Skyscan Forecast Saturday, October 1, 2016 Chris Parks
The Iowa Department of Public Health is reminding you to remember to protect yourself against mosquitoes if you are out taking advantage of the remaining warm fall days. Deputy State Epidemiologist Ann Garvey says one threat in particular is still looming. “Late summer and early fall through October is really the peak time when we see West Nile transmission,” Garvey says. ” I think that a lot of us are pretty cognizant and throw in the sunscreen and throw in the bug repellent in the summer months. But as we get into the fall, sometimes we forget that.”
Doctor Garvey says you should remember the key times of the day when the mosquitoes are active. “Mosquitoes here in Iowa that transmit West Nile Virus are most active from really the dusk ’til dawn hours. And so again — it’s important to wear repellent — especially during those hours,” Garvey says. Garvey says the West Nile carrying mosquitoes like stagnant water to breed in, so it is important to dump out standing water.
There’s been a lot of water in some areas due to flooding, but she says that doesn’t mean the population of West Nile mosquitoes has dramatically increased. “Generally speaking when we have flooding events we tend to see what we call flood water mosquitoes, which aren’t as good at transmitting diseases like West Nile virus,” Garvey explains. “But this time we are having kind of the peak West Nile season overlap with some of out flood events So, while a majority of those mosquitoes in flooding events will be floodwater mosquitoes, there will be some that are the likely types that can transmit West Nile Virus.”
There have already been more than one dozen cases of West Nile confirmed. She says there have been 15 human cases confirmed and they are investigating several more which leads them to believe they will have more cases than last year. There are also cases of West Nile in horses and in mosquitoes caught in monitor traps, so Garvey says they know it is out there. Mosquitoes like the warm fall nights just like you do.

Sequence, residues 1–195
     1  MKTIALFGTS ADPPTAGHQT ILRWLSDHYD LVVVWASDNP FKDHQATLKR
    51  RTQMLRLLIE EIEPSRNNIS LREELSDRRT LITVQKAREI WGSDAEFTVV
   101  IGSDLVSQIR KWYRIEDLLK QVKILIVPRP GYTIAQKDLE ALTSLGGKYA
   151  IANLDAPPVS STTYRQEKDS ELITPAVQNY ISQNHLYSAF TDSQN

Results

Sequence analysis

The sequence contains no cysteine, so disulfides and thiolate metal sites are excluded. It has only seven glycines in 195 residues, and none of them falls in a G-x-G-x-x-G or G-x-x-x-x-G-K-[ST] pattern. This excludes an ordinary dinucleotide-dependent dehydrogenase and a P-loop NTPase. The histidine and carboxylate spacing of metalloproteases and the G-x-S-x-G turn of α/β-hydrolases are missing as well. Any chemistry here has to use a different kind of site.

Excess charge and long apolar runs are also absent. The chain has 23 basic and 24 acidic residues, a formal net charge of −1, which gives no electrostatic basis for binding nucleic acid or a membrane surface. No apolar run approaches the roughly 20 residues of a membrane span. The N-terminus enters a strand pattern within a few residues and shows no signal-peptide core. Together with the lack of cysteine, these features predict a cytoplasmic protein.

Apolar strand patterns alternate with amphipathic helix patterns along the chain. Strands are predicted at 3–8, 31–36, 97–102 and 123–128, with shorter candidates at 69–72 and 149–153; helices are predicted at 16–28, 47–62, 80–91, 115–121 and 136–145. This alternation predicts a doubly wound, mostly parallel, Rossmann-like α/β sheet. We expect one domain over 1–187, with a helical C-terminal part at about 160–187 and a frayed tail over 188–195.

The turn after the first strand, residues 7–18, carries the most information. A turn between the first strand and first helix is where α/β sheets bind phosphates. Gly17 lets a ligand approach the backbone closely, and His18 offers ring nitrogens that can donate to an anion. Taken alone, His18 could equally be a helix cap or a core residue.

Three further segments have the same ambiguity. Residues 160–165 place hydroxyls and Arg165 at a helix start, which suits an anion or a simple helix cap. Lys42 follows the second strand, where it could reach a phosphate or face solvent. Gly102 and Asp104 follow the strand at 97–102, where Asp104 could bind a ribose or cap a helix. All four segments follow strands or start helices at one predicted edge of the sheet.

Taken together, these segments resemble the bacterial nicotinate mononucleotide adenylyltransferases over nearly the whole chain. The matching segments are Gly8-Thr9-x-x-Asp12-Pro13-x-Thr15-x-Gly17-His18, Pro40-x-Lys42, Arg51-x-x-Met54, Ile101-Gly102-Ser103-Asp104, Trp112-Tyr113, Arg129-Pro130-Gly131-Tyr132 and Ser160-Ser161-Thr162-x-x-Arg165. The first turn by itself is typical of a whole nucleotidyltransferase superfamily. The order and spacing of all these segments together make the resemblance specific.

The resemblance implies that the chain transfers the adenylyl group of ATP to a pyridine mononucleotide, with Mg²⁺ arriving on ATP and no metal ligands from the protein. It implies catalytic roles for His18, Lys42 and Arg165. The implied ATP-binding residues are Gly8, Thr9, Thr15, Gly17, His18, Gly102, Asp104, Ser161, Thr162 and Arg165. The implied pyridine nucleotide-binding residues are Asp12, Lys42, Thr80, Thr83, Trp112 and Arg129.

“Mosquitoes do really well in the 80-degree temperatures and above. And they do okay in the 70-degrees. Once we get kind of below the 60’s, it’s pretty cold for them and they often go dormant,” Garvey says. Doctor Garvey says the best repellent contains the chemical known as DEET, and says you should read the label before applying it to children.
West Nile can be fatal in some cases, and the last time that happend in Iowa was in 2010 whent there were two deaths. For more information about West Nile virus, visit the Iowa Department of Public Health’s website.
Skyscan Forecast- Monday, September 26, 2016 Dan Hicks
Today: Mostly sunny this morning becoming partly cloudy this afternooon. NW winds at 15-25. High 70.
Tonight: Clear skies with diminishing winds. Low 40.
Tuesday: Mostly sunny skies with NW winds at 10-15. High 70.
Wednesday: Partly cloudy. High 67.
Thursday: Partly cloudy. High 70.
Today: A 30% chance of showers and thunderstorms this morning, otherwise Partly sunny & breezy with a steady temperature around 66. West-northwest wind 10-25mph.
Tonight: Mostly cloudy early, then gradually becoming clear, with a low around 46. West northwest wind 5 to 10 mph.
Monday: Sunny & breezy. High near 68. W/NW wind 10-25mph.
Monday Night: Clear, with a low around 45. West wind 5 to 10 mph.
Tuesday: Sunny, with a high near 72.
Wednesday: Sunny, with a high near 72.
Rainfall in Atlantic (from 3-p.m. Saturday thru 6-a.m. Sunday = 1.42″ at KJAN)
CEDAR RAPIDS, Iowa (AP) – The Latest on flooding along rain-swollen rivers in Iowa (all times local CDT): 5:30 p.m….About 100 homes in low-lying areas of the small Linn County town of Palo along the Cedar River have been evacuated. City Clerk Trisca Dix tells The Associated Press that the mandatory evacuation in the town of about 1,000 took place Saturday afternoon before the river was expected to crest Sunday night at 24.5 feet. Mayor Tom Yock told the Des Moines Register that volunteers and work crews scrambled Saturday to protect as much of the town from flooding as possible.
Yock said the town, which was devastated by record flooding in 2008, is trying to be more proactive this time around. He says many people moved their belongings to the upper levels of their homes and built sandbag barriers before evacuating.
4:10 p.m.: Iowa Gov. Terry Branstad and several other state leaders on Saturday toured flood damage in Clarkesville and Shell Rock and assessed flood preparedness plans underway in Cedar Rapids. Branstad was joined by Lt. Gov. Kim Reynolds, Iowa National Guard Adjutant General Tim Orr and Iowa Department of Homeland Security and Emergency Management Director Mark Schouten. Branstad and Reynolds also expect to assess flood damage next week.
On Friday, Branstad signed a disaster proclamation for 13 northeast Iowa counties affected by flooding. It activates the Iowa National Guard to assist in preparedness and in response when there’s damage.